What is adverb?
A word that describes or gives more
information about a verb, adjective,
phrase, or other adverb. In the sentences
‘He ate quickly.’ and ‘It was extremely
good.’, ‘quickly’ and ‘extremely’ are both
How to recognize adverbs?
We can usually recognize an adverb by its:
• Function (Job)
The principal job of an adverb is to modify (give more information about)
verbs, adjectives and other adverbs. In the following examples, the adverb
is in bold and the word that it modifies is in italics.
a. Modify a verb:
- John speaks loudly. (How does John speak?)
- Mary lives locally. (Where does Mary live?)
- She never smokes. (When does she smoke?)
b. Modify an adjective:
- He is really handsome.
C. Modify another adverb:
- She drives incredibly slowly.
But adverbs have other functions, too. They can:
Modify a whole sentence:
- Obviously, I can't know everything.
Modify a prepositional phrase:
- It's immediately inside the door.
Modify a clause
Perhaps you are correct, but not at first glance. ('perhaps' modifies clause
'you are correct')
Adverbs that end in -ly are formed by adding -ly to an adjective, a present
participle, or a past participle.
- from an adjective
careful - carefully beautiful - beautifully fitting - fittingly
- from a present participle
willing - willingly glowing - glowingly surprising - surprisingly
- from a past participle
assured - assuredly affected - affectedly surprised - surprisedly
When adjective ends in -able or -ible, the adverb is formed by replacing
final -e with -y horrible - horribly terrible - terribly
When adjective ends in -y, the adverb is formed by replacing final -y with ily happy - happily lucky - luckily
When adjective ends in -ic, the adverb is formed by replacing final -ic with
-ically economic - economically ironic - ironically
Some adverbs have no particular form, for example: well, fast, very, never,
always, often, still
Adverbs have three main positions in the
1. Front (before the subject):
- Now we will study adverbs.
2. Middle (between the subject and the main verb):
- We often study adverbs.
3. End (after the verb or object):
- We study adverbs carefully.
KINDS OF ADVERBS
1. Adverb of manner
In English, adverbs of manner (answering the
question how?) are often formed by adding -ly to
adjectives. For example, great yields greatly, and
beautiful yields beautifully. (Note that some
words that end in -ly, such as friendly and lovely,
are not adverbs, but adjectives, in which case the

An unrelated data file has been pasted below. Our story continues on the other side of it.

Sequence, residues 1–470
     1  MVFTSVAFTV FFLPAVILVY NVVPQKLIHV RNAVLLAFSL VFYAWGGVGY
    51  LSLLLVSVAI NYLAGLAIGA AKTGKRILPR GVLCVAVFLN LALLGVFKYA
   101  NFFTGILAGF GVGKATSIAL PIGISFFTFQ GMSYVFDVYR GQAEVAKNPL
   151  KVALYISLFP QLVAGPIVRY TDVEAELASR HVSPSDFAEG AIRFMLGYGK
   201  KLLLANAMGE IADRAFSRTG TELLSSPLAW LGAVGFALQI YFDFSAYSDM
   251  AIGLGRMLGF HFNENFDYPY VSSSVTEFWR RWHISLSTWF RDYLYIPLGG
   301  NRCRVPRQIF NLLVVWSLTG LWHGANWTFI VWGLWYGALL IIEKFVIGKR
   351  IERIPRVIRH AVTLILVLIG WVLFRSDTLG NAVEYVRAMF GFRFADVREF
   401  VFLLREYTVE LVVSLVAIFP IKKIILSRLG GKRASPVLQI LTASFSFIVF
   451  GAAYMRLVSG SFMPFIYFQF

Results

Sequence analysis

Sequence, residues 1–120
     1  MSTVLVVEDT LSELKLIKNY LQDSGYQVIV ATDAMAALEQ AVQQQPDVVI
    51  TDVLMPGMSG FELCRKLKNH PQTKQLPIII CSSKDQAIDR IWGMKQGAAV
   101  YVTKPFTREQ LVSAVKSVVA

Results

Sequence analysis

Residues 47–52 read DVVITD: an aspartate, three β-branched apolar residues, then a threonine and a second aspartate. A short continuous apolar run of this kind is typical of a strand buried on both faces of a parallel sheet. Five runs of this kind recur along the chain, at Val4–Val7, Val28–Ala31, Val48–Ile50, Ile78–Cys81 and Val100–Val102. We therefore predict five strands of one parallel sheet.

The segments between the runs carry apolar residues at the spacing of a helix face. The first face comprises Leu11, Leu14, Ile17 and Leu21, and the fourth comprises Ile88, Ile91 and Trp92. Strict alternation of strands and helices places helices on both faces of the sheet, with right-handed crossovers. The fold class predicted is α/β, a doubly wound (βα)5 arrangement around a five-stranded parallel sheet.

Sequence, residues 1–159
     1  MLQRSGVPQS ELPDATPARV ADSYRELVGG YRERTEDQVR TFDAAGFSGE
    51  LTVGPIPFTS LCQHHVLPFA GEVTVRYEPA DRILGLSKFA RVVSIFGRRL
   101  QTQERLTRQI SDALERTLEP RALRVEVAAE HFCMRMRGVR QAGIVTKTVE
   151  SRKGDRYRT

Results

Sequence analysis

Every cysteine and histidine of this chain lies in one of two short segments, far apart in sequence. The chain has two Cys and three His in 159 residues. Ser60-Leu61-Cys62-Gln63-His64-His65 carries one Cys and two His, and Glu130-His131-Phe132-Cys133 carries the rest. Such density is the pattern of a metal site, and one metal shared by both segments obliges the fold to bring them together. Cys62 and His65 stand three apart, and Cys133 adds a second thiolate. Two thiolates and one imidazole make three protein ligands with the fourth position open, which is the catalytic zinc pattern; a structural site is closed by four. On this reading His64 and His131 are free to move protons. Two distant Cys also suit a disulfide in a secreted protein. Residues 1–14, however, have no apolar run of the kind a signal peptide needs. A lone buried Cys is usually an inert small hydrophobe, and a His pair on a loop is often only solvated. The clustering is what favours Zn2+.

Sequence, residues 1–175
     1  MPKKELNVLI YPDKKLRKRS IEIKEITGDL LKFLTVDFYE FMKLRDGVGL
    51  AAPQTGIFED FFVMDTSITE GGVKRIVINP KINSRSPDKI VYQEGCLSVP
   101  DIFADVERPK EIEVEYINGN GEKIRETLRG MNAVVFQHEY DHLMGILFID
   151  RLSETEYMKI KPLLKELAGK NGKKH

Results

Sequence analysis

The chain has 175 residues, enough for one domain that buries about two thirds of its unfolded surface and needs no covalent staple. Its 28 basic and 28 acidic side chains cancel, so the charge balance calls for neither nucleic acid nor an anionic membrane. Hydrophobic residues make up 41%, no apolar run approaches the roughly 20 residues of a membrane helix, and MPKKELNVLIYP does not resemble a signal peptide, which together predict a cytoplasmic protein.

root word is usually a noun.
2. Adverb of time
• Adverbs of time - answer the question When?
He has not played chess recently.
I haven’t seen Tom recently/lately (= in the
last few weeks).
List: early, never, now, often, soon, then, today,
3. Adverb of place
• Adverbs of place (location, direction) answer the question Where?
• I walked downstairs. Have you ever gone
• I will meet you outside.
List: above, away, below, down, here, inside,
4. Adverb of degree
• Adverbs of degree - answer the question How
• He is totally prepared for his birthday.
• I am too tired to play tennis tonight.
• He is completely tired from the journey.
List: almost, entirely, little, much, rather, very,
Level of degree
The highest level
absolutely, altogether, completely, entirely, quite, totally, utterly
(i.e. I agree with you completely)
very, a lot, a great deal, considerable, extremely
(i.e. Thank you for your extremely useful advice).
Rather, quite, fairly, pretty, slightly, somewhat, a bit, little, a little
(i.e. I was slightly disappointed with my results in the test; I found
it rather difficult).
Quite usually refers to a positive situation, while rather refer to a
negative one, i.e. quite bright, quite exciting, rather boring, rather
extremely, very, rather, fairly, incredibly, pretty, quite.
slightly, fairly, rather, very, extremely, a bit, quite, pretty,
Rather is more formal than the other words and often
describes a negative situation:
We had rather bad weather
The food was rather expensive
For a positive situation, rather often indicates that
something is better than we expected .
Her cooking is rather good quality
Almost, nearly and practically
It’s almost/nearly five o’clock. (=it is probably about 4.57)
I almost/nearly lost the match. (=I won but only just; only by a small
(Not) at all, (not) a bit
That lecture wasn’t at all useful (=it was completely useless)
Hardly, scarcely, barely
Nona is scarcely awake (=almost asleep)
• Incredibly, pretty, and a bit are informal and
mostly used in spoken English; a bit is mostly used
before negative adjectives (not positive ones) or
adjective with negative prefix.
The hotel was a bit disappointing, actually.
I thought she looked a bit unhappy.
5. Adverb of frequency
• Adverbs of frequency - answer the question
• He rarely goes by himself.
• She constantly finishes her job first.
always, never, usually, frequently, sometimes,
(every time) generally
(lost of time)
(not many time)
• Adverbs of frequency go before the main verb with the exception of the verb ‘to
I occasionally see them
She is often late three days
• Sometimes, occasionally, and often can go at the beginning or end of the sentence
They go to the zoo quite often
Some times my parents give me money
Hardly + a positive often has the same meaning as almost + a negative
I hardly had anything to eat for lunch. (=I had almost nothing)
1. Nancy and I (30%) ……….. go out for coffee
2. Andrea (90%)…………… has ice-cream for dessert
3. I (20%) ………………. drive my car to work.
4. Andy (10%) …………… gets to visit with his cousins.
5. It (0%) ……………… rains here in the summer.
• Adverbs as intensifiers
• Adverbs can be used as amplifiers, down toners, or emphasizers.
- as emphasizers.
• · I really like him.
• · I literally wrecked my car.
- as amplifiers
• · They completely abandoned the city.
• · I absolutely refuse to leave.
- as down toners
• · I somewhat like this movie.
• · Peter almost quit that job.